I have the same dilemmas too, but I am becoming more and more cynical. I have seen too many people go into therapy because they are struggling with an issue, and end up in years of therapy with a series of therapists, by which time the therapy is all about how much the previous therapists have fucked them up. Therapy breeds therapy?!
I hope that doesn't sound dismissive, because that's how I mean to sound, not at all. It's too, too true, unfortunately.
In the good old days (?!) of first wave feminism, it was said that Feminism's aim is to make itself redundant. I think that way of therapy. I do believe that therapists should be working with clients, with the aim of not seeing them any more, at some point. But so many therapists seem to breed and encourage certain levels of dependence on themselves.
Of course, they are making a living doing this - if someone is paying your mortgage, it's hard to actively try to lose that income - but ethics should be paramount, not secondary to a therapist's finances.
I guess I get mixed up when I think that these people (hopefully) chose this profession due to a desire to help people. In order to continue their work, they require a certain amount of misery to be around. And yet because of their original motivations to get the job, they want to help people feel less miserable. But do they ever question, on one of those days when the month lasts longer than the money, whether they really want to encourage a client to become independent and live without their input?
And that's not to mention those who go into therapy due to a desire to control, not help, or who develop this desire as they work. Abusive and unethical therapists are, it seems, not that hard to find.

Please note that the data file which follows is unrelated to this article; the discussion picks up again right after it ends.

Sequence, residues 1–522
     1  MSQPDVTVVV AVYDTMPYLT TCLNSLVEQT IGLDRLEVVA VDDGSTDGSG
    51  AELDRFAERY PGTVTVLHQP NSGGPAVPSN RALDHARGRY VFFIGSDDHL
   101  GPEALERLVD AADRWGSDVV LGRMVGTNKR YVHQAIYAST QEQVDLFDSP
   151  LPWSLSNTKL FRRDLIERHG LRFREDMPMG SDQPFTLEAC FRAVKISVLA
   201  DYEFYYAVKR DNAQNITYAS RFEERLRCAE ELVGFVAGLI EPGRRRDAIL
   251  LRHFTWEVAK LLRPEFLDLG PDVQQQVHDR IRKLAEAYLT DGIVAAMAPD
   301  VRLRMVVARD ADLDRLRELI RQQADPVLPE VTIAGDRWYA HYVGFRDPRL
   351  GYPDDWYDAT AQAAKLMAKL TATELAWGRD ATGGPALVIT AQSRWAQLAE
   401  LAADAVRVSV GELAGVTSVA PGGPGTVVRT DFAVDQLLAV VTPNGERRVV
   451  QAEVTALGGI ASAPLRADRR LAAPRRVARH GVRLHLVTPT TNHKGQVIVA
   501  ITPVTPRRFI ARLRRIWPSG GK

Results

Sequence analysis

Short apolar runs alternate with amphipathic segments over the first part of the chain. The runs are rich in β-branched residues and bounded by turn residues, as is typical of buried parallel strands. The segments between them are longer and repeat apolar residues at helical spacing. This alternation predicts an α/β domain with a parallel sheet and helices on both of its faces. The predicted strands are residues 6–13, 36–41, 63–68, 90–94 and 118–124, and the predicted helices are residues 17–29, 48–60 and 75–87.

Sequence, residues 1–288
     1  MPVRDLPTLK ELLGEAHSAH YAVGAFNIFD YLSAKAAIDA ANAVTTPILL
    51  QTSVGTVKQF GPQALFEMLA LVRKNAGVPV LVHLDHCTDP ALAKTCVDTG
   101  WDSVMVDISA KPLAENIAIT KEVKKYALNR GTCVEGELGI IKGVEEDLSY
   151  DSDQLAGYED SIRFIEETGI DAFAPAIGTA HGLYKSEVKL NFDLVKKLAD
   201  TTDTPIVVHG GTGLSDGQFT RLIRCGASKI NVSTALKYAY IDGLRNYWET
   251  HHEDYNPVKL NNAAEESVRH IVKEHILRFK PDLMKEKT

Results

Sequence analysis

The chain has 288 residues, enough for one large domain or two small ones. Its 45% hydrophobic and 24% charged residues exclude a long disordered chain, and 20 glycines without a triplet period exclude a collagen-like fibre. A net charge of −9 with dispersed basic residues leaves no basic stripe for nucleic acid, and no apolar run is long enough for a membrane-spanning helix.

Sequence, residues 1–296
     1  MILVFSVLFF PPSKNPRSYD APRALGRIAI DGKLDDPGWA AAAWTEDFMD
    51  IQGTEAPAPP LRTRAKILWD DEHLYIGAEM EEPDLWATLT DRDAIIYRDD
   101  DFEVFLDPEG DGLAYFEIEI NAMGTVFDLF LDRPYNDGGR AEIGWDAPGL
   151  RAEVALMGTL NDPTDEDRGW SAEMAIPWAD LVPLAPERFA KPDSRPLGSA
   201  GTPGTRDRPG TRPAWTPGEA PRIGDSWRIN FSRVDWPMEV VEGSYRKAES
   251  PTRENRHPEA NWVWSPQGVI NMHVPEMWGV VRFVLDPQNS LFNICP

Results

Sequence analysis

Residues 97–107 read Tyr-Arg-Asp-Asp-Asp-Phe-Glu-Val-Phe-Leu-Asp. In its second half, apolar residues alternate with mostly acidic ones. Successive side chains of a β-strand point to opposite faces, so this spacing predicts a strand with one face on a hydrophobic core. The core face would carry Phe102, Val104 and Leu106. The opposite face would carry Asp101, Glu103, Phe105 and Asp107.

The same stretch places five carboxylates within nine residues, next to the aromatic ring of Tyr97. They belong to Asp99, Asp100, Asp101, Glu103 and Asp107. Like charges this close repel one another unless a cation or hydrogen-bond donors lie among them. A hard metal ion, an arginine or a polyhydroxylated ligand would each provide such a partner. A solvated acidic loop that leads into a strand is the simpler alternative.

I dunno. Sometimes I'm very up on therapy, other times very down. I'm currently cynical and that will come across here. If I wrote about the same article in a few months, who knows what my take would be. It's a complicated issue, and therapy itself is incredibly intense and powerful, provoking strong emotions, both positive and negative.
In the past week, the British Association for Counselling and Psychotherapy (BACP) has received about 10,000 inquiries
The recent publication of Shouldn't I Be Feeling Better by Now?, a collection of people's experiences in analysis, has reignited the 'cure or con' debate. It claims that about one in four clients either deteriorates in treatment or shows no signs of recovery.
Virginia Ironside, one of Britain's best-known agony aunts, revealed that she had spent £54,000 and hundreds of hours on the couch. Her conclusion? Therapy is fraud. 'I became sucked into the destructively seductive world, always hoping I might find understanding and peace through knowing myself better,' she wrote. 'But I can't help feeling angry at being manipulated when I was at my most vulnerable into investing so much money and time in therapists who, truthfully, only made me feel worse.' (More here...).
I have to admit that none of my views will have been helped from the unconscious messages burned into my brain when I spent several hours helping in a mailout advertising a talk by a psychotherapist. You know when you see a word written down a lot and it starts to look weird? I was packing thousands of envelopes telling people about a psycho-the-rapist. Again and again and again. Get Freud going on that one!